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Marketing & communications strategy of srilanka

Evaluation of Marketing Strategy & Communications Strategy of Srilanka Tourism Promotion Bureau

INTRODUCTION

Sri Lanka tourism was institutionally setup in 1966. In 2005, new tourism act was passed taking into account new desires, ambitions and future directions of tourism that resulted in division of Srilanka. Tourism into four independent entities funded by by Tourism Development Fund:

  • The Sri Lanka Tourism Development Authority
  • The Sri Lanka Tourism Promotions Bureau
  • Sri Lanka Institute of Turism and Hotel Management
  • Sri Lanka Convention Bureau

The Sri Lanka Tourism Promotions Bureau (SLTPB) is responsible for all marketing and promotional functions. Due to communal crisis in Sri Lanka, Sri Lanka tourism had a rough, roller coaster ride in the past 25 years. During this period tourism in Malaysia, Thailand and Singapore have dramatically increased while Srilanka tourism has lagged far behind.
Sri Lanka Tourism Promotions Bureau recently changed its official logo from ‘Sri Lanka, Land Like No Other' to its new logo ‘Sri Lanka Small Miracle' guiding its tourism in a new era. The report evaluates Sri Lanka Tourism Promotions Bureau's marketing strategy and communications strategy & the message it is conveying to its audience.

SCANNING SLTPB's EXTERNAL MACRO-ENVIRONMENT

Tourism industry operates in a global environment and hence are very sensitive to external environment (such as safety, political stability, exchange rates, etc). PEST analysis stands for ‘Political, Economic, Social and Technological analysis' and is used for scanning the external environment to identify the key macro-environmental factors and trends affecting the company. A systematic external environment scanning is important to keep up-to-date with changes in the market environment.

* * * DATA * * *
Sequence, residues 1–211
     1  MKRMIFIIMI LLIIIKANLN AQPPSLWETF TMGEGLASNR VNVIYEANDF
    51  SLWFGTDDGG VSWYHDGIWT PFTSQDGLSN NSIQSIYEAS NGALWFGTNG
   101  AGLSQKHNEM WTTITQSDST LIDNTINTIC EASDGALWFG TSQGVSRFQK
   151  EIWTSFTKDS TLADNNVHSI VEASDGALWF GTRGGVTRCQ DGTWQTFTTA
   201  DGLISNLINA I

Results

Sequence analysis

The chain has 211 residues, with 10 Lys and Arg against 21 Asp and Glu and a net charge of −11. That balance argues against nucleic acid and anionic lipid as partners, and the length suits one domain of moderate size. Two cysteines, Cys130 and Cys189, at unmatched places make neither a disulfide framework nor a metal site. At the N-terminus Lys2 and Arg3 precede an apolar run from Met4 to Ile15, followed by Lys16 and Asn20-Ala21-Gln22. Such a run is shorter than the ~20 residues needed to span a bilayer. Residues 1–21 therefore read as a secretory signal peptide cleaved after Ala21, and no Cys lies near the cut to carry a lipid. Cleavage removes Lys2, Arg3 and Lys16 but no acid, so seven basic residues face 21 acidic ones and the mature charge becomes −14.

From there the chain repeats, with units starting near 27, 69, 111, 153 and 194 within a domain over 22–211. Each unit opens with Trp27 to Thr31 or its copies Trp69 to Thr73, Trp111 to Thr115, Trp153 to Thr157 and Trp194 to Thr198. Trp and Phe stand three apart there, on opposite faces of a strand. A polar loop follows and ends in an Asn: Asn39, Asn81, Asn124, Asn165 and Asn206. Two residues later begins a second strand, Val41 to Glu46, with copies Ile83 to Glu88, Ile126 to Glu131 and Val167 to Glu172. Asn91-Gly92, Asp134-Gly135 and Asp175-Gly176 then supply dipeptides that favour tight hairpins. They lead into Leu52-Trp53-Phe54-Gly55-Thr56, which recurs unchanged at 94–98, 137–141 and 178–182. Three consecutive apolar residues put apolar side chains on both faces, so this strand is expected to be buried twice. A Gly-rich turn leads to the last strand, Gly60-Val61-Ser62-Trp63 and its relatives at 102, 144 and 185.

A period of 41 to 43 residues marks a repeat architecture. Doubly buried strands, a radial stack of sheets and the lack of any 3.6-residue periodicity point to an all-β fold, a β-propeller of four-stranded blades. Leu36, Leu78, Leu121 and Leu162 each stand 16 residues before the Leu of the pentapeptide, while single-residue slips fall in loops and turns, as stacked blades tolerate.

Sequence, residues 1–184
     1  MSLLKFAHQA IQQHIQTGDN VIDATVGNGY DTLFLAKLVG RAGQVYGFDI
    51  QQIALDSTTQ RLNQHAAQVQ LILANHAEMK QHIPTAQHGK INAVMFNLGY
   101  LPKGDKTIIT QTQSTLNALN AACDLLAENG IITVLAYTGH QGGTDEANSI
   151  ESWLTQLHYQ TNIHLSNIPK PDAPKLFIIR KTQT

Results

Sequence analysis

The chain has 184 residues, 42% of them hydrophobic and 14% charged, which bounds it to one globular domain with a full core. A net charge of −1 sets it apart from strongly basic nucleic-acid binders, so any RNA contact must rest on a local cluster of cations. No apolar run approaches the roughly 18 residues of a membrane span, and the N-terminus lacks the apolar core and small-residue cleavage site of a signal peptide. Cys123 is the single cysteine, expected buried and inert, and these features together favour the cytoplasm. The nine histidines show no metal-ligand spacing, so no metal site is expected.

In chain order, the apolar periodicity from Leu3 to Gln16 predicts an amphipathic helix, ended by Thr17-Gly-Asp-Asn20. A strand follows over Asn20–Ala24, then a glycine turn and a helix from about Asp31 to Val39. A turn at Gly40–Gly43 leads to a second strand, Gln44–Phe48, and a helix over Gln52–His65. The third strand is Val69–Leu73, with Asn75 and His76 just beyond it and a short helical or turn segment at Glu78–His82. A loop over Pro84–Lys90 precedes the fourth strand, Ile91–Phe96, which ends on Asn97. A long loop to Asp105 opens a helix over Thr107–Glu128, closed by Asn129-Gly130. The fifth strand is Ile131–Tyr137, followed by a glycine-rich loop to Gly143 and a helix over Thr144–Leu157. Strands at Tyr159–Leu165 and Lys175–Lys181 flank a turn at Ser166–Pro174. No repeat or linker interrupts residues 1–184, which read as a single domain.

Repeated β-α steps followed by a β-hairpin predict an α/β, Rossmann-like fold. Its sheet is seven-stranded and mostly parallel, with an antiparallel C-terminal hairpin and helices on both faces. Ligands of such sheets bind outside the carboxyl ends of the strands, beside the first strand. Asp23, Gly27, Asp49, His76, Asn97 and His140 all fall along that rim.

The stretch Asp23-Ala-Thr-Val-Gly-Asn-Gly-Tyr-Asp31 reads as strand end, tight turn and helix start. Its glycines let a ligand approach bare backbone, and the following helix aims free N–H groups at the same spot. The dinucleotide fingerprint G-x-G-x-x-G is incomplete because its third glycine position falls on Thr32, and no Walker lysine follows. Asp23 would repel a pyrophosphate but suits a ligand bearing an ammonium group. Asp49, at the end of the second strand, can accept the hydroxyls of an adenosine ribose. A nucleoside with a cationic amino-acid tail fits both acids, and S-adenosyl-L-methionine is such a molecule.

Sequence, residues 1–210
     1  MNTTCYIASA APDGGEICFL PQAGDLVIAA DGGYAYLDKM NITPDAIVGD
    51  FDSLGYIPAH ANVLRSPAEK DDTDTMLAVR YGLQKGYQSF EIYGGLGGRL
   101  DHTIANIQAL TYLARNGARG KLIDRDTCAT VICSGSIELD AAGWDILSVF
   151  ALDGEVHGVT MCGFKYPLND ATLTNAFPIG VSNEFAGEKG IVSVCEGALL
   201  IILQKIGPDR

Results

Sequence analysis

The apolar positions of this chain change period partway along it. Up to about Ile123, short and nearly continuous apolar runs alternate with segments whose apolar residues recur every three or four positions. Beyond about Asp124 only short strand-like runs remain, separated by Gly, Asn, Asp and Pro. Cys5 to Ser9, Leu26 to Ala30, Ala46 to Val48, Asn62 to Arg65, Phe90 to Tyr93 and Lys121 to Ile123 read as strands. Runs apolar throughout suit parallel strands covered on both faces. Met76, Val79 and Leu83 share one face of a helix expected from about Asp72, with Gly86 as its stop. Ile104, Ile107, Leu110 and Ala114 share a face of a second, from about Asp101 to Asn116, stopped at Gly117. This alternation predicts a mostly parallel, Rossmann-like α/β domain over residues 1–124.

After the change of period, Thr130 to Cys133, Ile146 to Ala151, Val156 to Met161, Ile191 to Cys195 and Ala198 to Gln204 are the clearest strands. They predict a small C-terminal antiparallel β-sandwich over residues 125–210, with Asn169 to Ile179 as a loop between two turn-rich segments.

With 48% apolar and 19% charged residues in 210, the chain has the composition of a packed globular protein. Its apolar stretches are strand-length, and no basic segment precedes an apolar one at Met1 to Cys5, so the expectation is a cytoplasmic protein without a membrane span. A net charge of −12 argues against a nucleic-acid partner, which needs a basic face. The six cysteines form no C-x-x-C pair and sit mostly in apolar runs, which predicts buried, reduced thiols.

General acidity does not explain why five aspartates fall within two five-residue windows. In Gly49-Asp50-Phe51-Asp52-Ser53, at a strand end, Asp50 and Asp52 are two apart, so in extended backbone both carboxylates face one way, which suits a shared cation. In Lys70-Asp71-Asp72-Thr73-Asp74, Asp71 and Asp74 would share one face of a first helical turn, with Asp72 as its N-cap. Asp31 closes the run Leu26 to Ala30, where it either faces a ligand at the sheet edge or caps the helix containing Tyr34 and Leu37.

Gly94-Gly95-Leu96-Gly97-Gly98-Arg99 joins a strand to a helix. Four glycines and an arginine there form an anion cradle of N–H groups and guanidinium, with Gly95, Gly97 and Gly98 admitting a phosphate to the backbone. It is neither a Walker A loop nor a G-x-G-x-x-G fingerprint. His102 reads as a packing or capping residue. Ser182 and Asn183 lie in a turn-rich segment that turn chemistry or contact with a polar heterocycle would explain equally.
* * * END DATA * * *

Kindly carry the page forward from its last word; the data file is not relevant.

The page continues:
Political Factors

  • Sri Lanka has a multi-party democracy which is quite stable.
  • Uncertainity due to the Sri Lankan government's war against LTTE has effected the tourism industry. Though the government has delclared victory against LTTE, there are still many LTTE remnants in parts of northern and western region and thus there is a potential of instability in those region.
  • Srilankan Tourism Promotion Bureau is funded by a separate entity - ‘Tourism Development Fund' that is under the government's control.
  • Srilanka has had good relations with its only neighbouring country (India) which is an advantage over other south asian tourist destinations like India, Pakistan, etc. They do have their own internal problems (communal crisis) but it is decline now after the victory of government.

Economic Factors

  • Cost of living in Srilanka is low which helps in attracting tourists who look for cheap alternatives to spend holidays.
  • A loan of $2.5 billion has been approved by International Monetary Fund to undertake economic reforms and to rebuild areas damaged due to the internal conflict between the government and the LTTE
  • Due to the Tsunami in 2004 and the hostilities between the government and LTTE, the economic situation has been hampered. But, they are slowly and steadily rebuilding.
  • Roads are the main mode of transportation in Srilanka but condition of roads are poor and inadequate and are mostly congested. Condition of railways is bad with poor tracks and bridges causing derailments and significant delays.
  • Decrease in strength of pound against Euro is changing the notion of Britishers going for a ‘cheap holiday in Europe', making them choose alternate options which Sri Lanka can benefit from.
  • Inflation in Sri Lanka is around 9%
  • The exchange rate of Sri Lankan rupee quite low (186 LKR = 1 GBP)

Social Factors

  • Due to instability in northern and western areas of Srilanka (the war zone), tourists are still reluctant to visit.
  • Crime rate in Srilanka is high which is also another factor affecting the number of tourists vising Srilanka.